After a life-changing event at age 13, pianist Rachel Cheung said she cherishes every note she plays on stage. At only 26 years old, she has accomplished much in her musical career, and finds her happiness on the piano bench. This December she performs on the prestigious Portland Piano International series.
What is your most cherished accomplishment?
Winning the Audience Award as a finalist at the Van Cliburn International Piano Competition in 2017.
How has your experience in life shaped your artistry?
I cherish being alive and to be granted the ability to make music even more after what I had experienced earlier in my life. The most remarkable and life-changing event happened when I was only 13 years old. I had unfortunately contracted meningitis in Moscow where I was supposed to perform with an orchestra. The concert was cancelled and I was in hospital for over a month. After this incident, I understood how precious and fragile life could be and that I must treasure everything I have and every note I play on the stage.
To which destination would you travel just for fun? Why?
I would love to travel to the Scandinavian cities for fun. I am always fascinated by their culture, and the serenity in the woods. I would love to catch the Northern lights, as well!
How has a daily routine shaped who you’ve become?
I am a rather disciplined person, I made my own timetable for studies and practice when I was a child. For me I find a well-planned routine quite crucial in training a professional musician, because practice is about perseverance and discipline.
What do you do off the stage that provides inspiration on stage?
I love reading, any genres such as dystopian fictions, poems, memoirs and biographies. I understand humanity a little more by immersing in the worlds created in my mind when I read, and they also become my inspirations when I play.
Where do you derive happiness?
I derive happiness from making music and experiencing life through music.
Where do you want to be in five or 10 years from now?
I hope I could continue to pursue my concert career and reaching new artistic levels with growing passion and dedication in 10 years from now.
What cause do you support and why?
I am one of the founders of the Chamber Music Society of Yale Club Hong Kong, and we perform in hospitals, community centers, elderly homes, and we also play to raise funds for charities. I think music has the magical ability to cure and heal.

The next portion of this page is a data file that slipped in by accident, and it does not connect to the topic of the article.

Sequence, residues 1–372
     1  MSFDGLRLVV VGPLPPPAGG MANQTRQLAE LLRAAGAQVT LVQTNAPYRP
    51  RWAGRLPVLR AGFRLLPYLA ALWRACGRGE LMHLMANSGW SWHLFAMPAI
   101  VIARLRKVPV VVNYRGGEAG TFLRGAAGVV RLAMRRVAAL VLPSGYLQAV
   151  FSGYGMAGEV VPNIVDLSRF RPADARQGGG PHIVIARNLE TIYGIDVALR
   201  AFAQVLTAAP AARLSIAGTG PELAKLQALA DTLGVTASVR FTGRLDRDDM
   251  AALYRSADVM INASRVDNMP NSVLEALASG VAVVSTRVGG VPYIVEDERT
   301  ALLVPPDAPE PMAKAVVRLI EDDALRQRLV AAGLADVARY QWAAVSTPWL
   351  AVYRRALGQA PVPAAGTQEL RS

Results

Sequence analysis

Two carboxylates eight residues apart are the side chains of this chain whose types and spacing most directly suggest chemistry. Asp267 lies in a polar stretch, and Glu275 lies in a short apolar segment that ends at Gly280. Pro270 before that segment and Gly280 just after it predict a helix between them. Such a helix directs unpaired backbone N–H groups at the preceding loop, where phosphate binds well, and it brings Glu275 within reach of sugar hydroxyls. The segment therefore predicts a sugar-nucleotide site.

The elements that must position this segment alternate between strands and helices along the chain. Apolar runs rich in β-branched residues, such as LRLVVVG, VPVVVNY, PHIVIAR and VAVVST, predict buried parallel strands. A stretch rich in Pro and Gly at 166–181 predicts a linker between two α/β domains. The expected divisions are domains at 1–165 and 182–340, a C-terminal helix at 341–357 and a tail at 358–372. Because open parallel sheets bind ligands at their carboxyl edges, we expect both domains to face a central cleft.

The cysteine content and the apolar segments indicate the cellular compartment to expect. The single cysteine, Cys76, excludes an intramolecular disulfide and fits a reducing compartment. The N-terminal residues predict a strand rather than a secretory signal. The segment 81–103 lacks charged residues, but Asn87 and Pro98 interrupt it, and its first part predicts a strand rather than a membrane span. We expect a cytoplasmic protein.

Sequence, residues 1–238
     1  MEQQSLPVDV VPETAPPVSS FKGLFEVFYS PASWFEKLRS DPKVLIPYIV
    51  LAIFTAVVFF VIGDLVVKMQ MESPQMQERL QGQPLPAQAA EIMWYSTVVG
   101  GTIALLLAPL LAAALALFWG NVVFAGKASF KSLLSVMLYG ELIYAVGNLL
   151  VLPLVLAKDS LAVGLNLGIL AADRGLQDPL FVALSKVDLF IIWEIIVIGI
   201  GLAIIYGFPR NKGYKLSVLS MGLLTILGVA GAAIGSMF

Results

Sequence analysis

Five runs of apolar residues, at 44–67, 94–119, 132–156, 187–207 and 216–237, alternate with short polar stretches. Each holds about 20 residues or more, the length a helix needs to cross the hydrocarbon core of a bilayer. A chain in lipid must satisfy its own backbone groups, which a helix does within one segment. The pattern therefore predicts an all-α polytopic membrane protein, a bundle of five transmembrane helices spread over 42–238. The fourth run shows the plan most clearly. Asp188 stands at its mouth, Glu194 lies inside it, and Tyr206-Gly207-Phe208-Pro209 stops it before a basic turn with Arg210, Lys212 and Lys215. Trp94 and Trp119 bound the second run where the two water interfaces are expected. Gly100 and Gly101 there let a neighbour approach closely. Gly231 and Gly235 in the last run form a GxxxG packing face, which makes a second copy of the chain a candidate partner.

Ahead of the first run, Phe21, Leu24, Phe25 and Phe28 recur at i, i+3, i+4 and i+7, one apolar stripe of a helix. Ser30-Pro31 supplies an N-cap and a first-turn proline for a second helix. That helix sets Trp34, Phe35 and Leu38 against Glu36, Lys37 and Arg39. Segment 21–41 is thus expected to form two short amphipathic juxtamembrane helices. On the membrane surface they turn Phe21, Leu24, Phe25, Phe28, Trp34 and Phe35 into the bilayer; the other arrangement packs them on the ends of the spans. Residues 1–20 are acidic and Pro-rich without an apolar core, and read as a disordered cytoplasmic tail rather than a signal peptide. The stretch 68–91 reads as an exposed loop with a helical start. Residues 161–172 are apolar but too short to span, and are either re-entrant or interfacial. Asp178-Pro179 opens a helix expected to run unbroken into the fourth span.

What projects (concerts, albums, tours, collaborations) are you working on right now?
I am preparing for the upcoming recital tours in the United States (one of the stops being Portland Piano International) and Germany, and I am excited to present works that are challenging but very close to my heart, including the Chopin 24 Preludes and Schubert’s monumental B-flat Major Sonata D960. I am also looking forward to collaborating with the Hong Kong Philharmonic next year. I will be conducting/playing Beethoven 4th concerto in March, and I am also honored to perform Ravel Concerto with the Music Director Jaap van Zweden.
What was the inspiration behind your latest project? Why did you pursue it? Why should people care?
I like to tell stories of life in music that I perform, and I find Schubert’s B-flat Major Sonata particularly profound and deep in this direction. The sonata is a portrait of the composer’s vision in life and death that resonates with Chopin’s 24 Preludes, which I feel is also a significant account of the cycle of life.
What’s the one thing you want people to remember about your artistry?
I wish that people who hear me play could also share my reverence for music and the pursuit of truth.
Why do you perform on stage?
I perform on the stage because I believe it’s a form of communal sharing. It’s a gesture of giving and telling stories of humanity.
Where do you come up with your best ideas that you might end up applying to a score?
The best ideas always appear on the score, written by the composer, and by exploring with opened mind and ears. One would find inspirations hidden within the music, as well.
What is your favorite album ever released?
Schubert Cello Quintet in C Major by the Melos Quartet and Rostropovich.
Name three musicians who have inspired your own artistry.
Business of Music
What is your #1 piece of advice to artists who are starting their careers as professional musicians?
Always play with sincerity, and put music before yourself, even through the uncountable obstacles ahead in the long journey.
What steps need to be taken in many parts of the world to offer high quality music education to children?
It would be very helpful if more professional musicians would be willing to share their experiences with children. Nothing is more effective and beneficial to the students than hearing live performances or communicating with musicians directly.
To learn more, visit Rachel Cheung’s website.